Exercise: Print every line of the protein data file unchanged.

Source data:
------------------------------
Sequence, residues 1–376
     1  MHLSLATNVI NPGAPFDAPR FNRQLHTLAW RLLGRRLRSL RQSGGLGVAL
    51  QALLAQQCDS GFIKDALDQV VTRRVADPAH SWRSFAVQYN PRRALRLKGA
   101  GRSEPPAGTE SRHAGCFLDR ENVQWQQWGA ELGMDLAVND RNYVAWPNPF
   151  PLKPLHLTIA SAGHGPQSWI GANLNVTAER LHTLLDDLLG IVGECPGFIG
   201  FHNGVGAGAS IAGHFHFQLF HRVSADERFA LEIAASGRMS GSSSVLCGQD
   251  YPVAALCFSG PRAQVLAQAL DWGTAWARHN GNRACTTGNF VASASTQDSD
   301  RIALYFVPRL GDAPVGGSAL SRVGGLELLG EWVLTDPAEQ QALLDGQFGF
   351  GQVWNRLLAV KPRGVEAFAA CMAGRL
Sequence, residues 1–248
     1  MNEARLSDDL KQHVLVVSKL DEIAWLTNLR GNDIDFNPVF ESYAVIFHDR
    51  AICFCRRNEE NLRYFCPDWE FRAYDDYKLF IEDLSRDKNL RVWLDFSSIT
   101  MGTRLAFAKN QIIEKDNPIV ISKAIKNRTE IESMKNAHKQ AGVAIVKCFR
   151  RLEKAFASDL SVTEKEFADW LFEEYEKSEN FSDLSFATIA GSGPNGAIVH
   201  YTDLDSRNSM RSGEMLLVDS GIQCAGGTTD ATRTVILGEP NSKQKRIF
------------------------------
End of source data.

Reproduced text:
Sequence, residues 1–376
     1  MHLSLATNVI NPGAPFDAPR FNRQLHTLAW RLLGRRLRSL RQSGGLGVAL
    51  QALLAQQCDS GFIKDALDQV VTRRVADPAH SWRSFAVQYN PRRALRLKGA
   101  GRSEPPAGTE SRHAGCFLDR ENVQWQQWGA ELGMDLAVND RNYVAWPNPF
   151  PLKPLHLTIA SAGHGPQSWI GANLNVTAER LHTLLDDLLG IVGECPGFIG
   201  FHNGVGAGAS IAGHFHFQLF HRVSADERFA LEIAASGRMS GSSSVLCGQD
   251  YPVAALCFSG PRAQVLAQAL DWGTAWARHN GNRACTTGNF VASASTQDSD
   301  RIALYFVPRL GDAPVGGSAL SRVGGLELLG EWVLTDPAEQ QALLDGQFGF
   351  GQVWNRLLAV KPRGVEAFAA CMAGRL
Sequence, residues 1–248
     1  MNEARLSDDL KQHVLVVSKL DEIAWLTNLR GNDIDFNPVF ESYAVIFHDR
    51  AICFCRRNEE NLRYFCPDWE FRAYDDYKLF IEDLSRDKNL RVWLDFSSIT
   101  MGTRLAFAKN QIIEKDNPIV ISKAIKNRTE IESMKNAHKQ AGVAIVKCFR
   151  RLEKAFASDL SVTEKEFADW LFEEYEKSEN FSDLSFATIA GSGPNGAIVH
   201  YTDLDSRNSM RSGEMLLVDS GIQCAGGTTD ATRTVILGEP NSKQKRIF